St James’s Place Wealth Management (SJP) has published its carbon emissions report for Q1 2020 on nine of its portfolios and found that eight of those have much lower carbon emissions than the benchmark, as measured by MSCI
Within the report, the group looked at its Defensive, Conservative, Balanced, Managed Funds, Strategic Growth, Adventurous, Immediate Income, Balanced Income and Deferred Income portfolios.
Of those, only the Managed Funds Portfolio had a 5% higher carbon intensity than its benchmark, weighted by asset class. The sectors contributing the most to this were utilities, materials & energy.
The group said: “This is currently being monitored and fund managers within the portfolio are being engaged with who are significantly contributing to the carbon footprint. We expect the carbon footprint to come down over time.”
The other eight portfolios all had lower carbon intensity than the benchmark; in fact, Strategic Growth, Adventurous and Deferred Income were around 50% less carbon intensive than their respective benchmarks.
Robert Gardner, investment director, commented: “We believe what gets measured, gets managed. Reporting the carbon footprint of our SJP Portfolios allows us to identify opportunities for change.
“And this is just the beginning. We’ll continue aligning our SJP Portfolios with targets based on scientific developments, with the ambition of delivering you greater insight into your investments.”
Last month, it was reported that SJP was exploring the launch of a range of low-carbon passive solutions.
However, ESG Clarity noted the figures reported are based on incomplete data coverage, meaning that not all companies within the portfolios report their carbon emissions or have a reliable proxy. For some portfolios, only half of the companies have appropriate reporting, with 90% being the highest data coverage (on the Adventurous portfolio).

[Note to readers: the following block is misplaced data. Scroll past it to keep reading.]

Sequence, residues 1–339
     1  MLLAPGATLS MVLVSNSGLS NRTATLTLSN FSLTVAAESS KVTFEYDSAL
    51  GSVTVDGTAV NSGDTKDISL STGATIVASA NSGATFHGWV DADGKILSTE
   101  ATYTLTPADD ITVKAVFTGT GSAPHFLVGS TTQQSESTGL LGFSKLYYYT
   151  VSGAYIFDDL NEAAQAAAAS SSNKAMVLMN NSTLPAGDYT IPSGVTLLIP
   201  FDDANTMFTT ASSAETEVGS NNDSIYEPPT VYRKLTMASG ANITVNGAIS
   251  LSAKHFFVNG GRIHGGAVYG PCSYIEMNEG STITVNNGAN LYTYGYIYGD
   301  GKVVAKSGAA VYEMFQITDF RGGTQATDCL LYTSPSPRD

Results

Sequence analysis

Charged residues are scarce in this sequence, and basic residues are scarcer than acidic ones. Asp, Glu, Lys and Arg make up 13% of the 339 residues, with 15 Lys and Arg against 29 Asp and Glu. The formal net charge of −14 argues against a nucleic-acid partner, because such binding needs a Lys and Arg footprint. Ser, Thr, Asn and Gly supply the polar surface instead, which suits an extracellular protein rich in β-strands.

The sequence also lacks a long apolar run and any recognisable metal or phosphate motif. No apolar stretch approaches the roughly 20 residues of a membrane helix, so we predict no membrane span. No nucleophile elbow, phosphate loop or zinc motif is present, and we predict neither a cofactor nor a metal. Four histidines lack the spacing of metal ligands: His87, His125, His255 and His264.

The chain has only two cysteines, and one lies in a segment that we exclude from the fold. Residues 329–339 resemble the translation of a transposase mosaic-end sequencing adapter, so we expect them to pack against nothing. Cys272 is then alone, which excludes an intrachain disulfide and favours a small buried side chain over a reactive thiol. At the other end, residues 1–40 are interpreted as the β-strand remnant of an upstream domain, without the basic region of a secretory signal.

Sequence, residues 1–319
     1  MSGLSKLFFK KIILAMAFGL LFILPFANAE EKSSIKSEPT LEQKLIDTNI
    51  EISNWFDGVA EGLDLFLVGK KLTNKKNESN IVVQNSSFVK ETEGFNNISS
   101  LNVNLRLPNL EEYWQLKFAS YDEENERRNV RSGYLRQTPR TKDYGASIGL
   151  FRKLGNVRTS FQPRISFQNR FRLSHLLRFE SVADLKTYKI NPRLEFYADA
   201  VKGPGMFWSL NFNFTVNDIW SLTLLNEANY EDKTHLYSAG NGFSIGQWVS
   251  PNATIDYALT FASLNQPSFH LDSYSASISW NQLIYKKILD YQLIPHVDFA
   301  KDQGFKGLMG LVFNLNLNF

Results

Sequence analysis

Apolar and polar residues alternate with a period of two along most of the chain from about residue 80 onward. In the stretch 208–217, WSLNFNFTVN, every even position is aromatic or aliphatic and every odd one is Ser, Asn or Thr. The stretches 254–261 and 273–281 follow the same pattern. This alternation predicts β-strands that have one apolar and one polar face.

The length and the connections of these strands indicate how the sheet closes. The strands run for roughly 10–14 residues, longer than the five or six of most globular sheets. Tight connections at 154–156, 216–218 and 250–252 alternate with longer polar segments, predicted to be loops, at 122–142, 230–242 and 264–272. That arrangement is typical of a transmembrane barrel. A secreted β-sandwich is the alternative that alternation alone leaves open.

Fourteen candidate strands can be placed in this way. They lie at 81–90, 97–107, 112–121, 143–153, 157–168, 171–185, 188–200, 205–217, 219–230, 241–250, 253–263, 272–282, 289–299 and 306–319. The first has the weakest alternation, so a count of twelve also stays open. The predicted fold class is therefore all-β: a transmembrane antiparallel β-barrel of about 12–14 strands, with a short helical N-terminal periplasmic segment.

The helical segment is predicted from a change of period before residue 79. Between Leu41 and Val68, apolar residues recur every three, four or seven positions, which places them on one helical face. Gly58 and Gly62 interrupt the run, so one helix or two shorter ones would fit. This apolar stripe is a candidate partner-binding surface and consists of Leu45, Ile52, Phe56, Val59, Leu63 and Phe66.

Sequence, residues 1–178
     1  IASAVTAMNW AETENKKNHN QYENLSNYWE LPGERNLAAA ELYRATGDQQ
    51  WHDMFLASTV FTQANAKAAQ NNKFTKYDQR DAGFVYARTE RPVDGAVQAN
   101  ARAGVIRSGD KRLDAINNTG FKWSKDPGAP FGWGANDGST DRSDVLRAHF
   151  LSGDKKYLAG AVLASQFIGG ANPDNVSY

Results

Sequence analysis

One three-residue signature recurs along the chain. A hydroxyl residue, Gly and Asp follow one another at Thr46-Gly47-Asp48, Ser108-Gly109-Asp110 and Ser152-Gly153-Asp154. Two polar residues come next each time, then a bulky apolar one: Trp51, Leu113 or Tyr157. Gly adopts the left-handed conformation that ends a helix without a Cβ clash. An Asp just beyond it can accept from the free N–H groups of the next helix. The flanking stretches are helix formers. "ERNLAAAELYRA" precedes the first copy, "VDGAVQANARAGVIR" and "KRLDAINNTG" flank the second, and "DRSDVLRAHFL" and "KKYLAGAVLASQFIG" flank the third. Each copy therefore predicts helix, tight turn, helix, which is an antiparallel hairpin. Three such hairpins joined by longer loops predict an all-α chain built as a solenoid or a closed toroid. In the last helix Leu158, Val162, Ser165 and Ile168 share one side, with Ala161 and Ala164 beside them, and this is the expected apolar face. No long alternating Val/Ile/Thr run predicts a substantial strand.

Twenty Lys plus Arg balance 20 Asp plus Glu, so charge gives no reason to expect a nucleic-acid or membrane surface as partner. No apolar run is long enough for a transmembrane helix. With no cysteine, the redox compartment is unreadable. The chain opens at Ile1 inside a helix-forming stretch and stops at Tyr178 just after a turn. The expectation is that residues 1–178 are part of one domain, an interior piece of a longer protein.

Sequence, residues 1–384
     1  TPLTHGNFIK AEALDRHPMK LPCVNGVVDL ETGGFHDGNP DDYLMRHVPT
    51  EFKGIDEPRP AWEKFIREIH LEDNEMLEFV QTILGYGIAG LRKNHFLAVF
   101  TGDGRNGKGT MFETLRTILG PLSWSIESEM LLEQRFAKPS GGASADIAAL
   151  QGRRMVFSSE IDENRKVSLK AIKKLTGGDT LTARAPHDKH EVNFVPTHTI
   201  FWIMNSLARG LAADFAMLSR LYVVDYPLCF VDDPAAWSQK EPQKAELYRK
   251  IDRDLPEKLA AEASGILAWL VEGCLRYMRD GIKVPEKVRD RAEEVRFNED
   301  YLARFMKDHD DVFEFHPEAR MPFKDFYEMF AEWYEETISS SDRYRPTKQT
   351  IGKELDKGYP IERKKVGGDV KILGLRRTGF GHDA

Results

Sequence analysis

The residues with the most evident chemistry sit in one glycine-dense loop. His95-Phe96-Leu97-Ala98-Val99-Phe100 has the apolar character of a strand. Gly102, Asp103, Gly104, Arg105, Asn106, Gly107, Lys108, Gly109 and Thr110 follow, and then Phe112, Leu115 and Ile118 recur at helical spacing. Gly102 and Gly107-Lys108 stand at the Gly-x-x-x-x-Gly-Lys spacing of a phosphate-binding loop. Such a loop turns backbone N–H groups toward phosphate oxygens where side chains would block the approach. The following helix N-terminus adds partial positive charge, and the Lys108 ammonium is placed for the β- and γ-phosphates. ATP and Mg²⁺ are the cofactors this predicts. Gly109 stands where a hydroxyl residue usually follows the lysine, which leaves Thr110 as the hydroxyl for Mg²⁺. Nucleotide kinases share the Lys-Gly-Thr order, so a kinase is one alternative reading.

SJP receives its data from MSCI, which is working to improve its own coverage and reporting standards across the globe. Recently, the data provider acquired carbon emissions specialist Carbon Delta as part of this effort.
Additionally, SJP points to incoming regulation and initiatives, such as the Carbon Disclosure Project and the Taskforce on Climate-related Financial Disclosures (TCFD) as drivers for improved reporting in the future.
The group said: “It is imperative that we are open with all our stakeholders and recognise that we are at an early stage in our journey towards greater disclosure. We will continue to work with our fund managers to ensure we promote and influence the consideration of climate risks within their investment process.
“St. James’s Place does not mandate a specific intensity target for our portfolios or funds, instead we actively monitor this metric. The team will engage with managers if there has been a substantial increase in carbon intensity and this will typically involve a stock specific case study on a firm which has particularly high emissions.”
The group added carbon footprint reporting is just one part of a “much wider monitoring and engagement programme” which takes into account environmental, social and governance risks within all its portfolios.
“Carbon footprint reporting is a valuable first measure of how a client’s investment portfolios are impacting the planet; however, it is far from a perfect measure,” the report said.
“Responsible investing is an ever-growing field with many factors which need to be considered. Companies which currently have relatively high carbon footprints may have explicit targets in place to reduce their emissions over the next several years.”
In an effort to incorporate responsible investing further, as of this year 100% of SJP’s fund managers have agreed to become signatories to the UN Principles for Responsible Investing (PRI).